It’s a pretty common thing these days to spot spelling mistakes and bad grammar when you’re surfing the internet – adverts, blog articles, website content – there’s no one area better or worse than another. While some people may not notice spelling or other errors, a lot of people do, so just how big a deal is accurate content? There’s nothing wrong with using a conversational tone, especially in blog writing, but using slang, txtspk and sloppy grammar is just unacceptable. Studies have shown that people are less likely to engage with companies that post error-riddled sales copy, as they feel it undermines the credibility of the company (are they just as careless with their orders, accounts or delivery?). Creating any kind of negativity towards your business is a sure-fire way to kill sales, so why do it? With online companies like Grammarly, offering automated proofreading services, it’s a mystery why there is still so much room for improvement in online writing. It’s been shown that over 40% of web users are influenced by spelling or grammar blunders in online content. When you sell or communicate online, most of the time it’s done by using the written word, so it’s quite obvious the damage it can do to your conversions. Questions have been raised over the importance of correct spelling and grammar in social media interactions, since it’s a more relaxed medium for communication, especially when using platforms like Facebook. That said, any business using Facebook to increase their exposure, should treat it with as much importance as their website or LinkedIn profile. There are simple ways to improve your content, which can make a real difference to your bottom line. These are: Read your content backwards: this disrupts the natural flow of how you perceive things, so it forces you to read every word, making misspelled words easier to spot. Ask someone else to read your writing: a friend or co-worker who has not been working on the same piece of content for hours will spot inaccuracies that you will miss time and time again. Read your piece out loud: some errors can be more easily heard than seen, so reading your writing out loud forces you to listen. Use software like Grammarly: it really does make a difference. While you may not agree with all their suggestions, it does help to sharpen your eye. Whether or not you agree on the importance of accurate writing, think of a website with sloppy grammar and lots of error. Would you be happy to give them your credit card details? Didn’t think so. If you’d like to know more on content marketing or need help creating the perfect content for...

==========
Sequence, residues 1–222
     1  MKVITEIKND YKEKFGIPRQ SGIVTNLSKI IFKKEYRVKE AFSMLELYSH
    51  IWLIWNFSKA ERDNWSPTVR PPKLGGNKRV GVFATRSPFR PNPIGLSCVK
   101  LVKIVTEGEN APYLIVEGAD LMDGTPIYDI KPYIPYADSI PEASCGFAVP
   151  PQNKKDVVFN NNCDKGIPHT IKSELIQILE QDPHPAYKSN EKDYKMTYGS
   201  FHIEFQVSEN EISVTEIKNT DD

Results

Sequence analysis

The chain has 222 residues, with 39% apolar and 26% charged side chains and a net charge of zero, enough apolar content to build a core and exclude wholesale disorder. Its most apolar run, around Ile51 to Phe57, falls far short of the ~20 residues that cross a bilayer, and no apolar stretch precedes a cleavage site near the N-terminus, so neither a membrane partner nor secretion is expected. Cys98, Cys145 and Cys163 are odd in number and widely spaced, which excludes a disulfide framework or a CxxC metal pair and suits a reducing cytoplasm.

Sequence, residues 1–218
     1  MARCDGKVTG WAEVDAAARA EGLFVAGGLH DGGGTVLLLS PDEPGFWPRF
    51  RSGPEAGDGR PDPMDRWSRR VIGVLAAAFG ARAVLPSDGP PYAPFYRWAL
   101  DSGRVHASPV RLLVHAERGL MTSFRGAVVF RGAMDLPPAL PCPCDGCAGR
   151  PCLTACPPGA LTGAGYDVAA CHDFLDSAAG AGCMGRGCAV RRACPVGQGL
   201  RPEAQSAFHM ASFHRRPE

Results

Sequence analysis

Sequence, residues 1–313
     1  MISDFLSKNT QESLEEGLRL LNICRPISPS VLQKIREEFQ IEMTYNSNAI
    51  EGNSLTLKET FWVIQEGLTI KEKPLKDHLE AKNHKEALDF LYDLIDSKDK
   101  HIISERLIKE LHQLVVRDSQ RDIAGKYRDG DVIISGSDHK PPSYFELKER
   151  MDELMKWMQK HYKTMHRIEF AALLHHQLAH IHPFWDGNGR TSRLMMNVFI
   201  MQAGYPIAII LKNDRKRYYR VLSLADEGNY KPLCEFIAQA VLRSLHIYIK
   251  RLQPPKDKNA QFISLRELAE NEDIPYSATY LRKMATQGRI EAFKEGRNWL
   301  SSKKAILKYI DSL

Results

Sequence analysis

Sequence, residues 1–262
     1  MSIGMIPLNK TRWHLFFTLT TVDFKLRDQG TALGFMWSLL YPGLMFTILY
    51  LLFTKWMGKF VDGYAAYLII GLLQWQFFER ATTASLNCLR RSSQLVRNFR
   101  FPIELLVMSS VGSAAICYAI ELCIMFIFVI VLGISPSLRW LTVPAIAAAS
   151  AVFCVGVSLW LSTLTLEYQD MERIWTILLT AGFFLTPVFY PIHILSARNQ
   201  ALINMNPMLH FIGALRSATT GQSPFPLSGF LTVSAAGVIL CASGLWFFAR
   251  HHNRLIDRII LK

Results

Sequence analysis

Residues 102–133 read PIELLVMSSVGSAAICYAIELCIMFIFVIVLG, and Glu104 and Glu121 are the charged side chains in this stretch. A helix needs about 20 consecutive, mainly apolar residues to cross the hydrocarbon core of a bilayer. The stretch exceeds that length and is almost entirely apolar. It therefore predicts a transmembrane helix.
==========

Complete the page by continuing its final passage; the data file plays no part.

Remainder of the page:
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Where to find inspiration for your blog posts

Posted by on Apr 19, 2016 in Blogging, Copywriting |

We all know that to bring traffic to your site, you need to post regularly and while blogs are one of the simplest ways of doing this (that also helps with your SEO), it can be difficult to keep coming up with fresh and readable content, especially if your industry is fairly niche. Here are some places to look for inspiration, that could help you create a list of possible topics for future posts. It may be a good idea to keep a notebook or list of ideas, to jot down whenever creativity hits, to keep those blank screen days to a minimum. Online news headlines: Set up Google Alerts and RSS Feeds of your industry and other news sources and get the headlines delivered to your inbox. Get the scoop on the latest trends, statistics, products or technologies. Subscribe to top business and personal blogs in your market: You can write a different take on someone else’s article, or find a topic in a comment about a blog. Don’t limit yourself to your industry completely; similar or related industries could be connected enough to give you content ideas. Client questions: Look at what your customers are asking and use the opportunity to write a lengthy response in a blog post, rather than an individual shorter response. Providing a solution for your customers can do wonders for your reputation and referrals. Social media platforms: Facebook and Twitter provide endless streams of blog inspiration, while LinkedIn group discussions will show you what people are talking about. TweetChats are an excellent source of fact, opinion, questions and answers, from all over the world. Pop culture: Although celebrity gossip may seem far removed from your industry, a quick glance at the latest scoop might offer something you can relate back to your business. YouTube can provide related content to almost anything! Use online tools: Bottlenose will analyse activity across all the major social networks; Quora is a Q&A site that can offer up a lot of ideas. You can answer an open question and publish the content from Quora’s site. Don’t forget how important it is to blog regularly – sporadic posting will not build you a strong following. For more on social services and how we could assist with content creation, copywriting services or a social strategy, give us a call, we’d love to hear your thoughts. Please follow and like...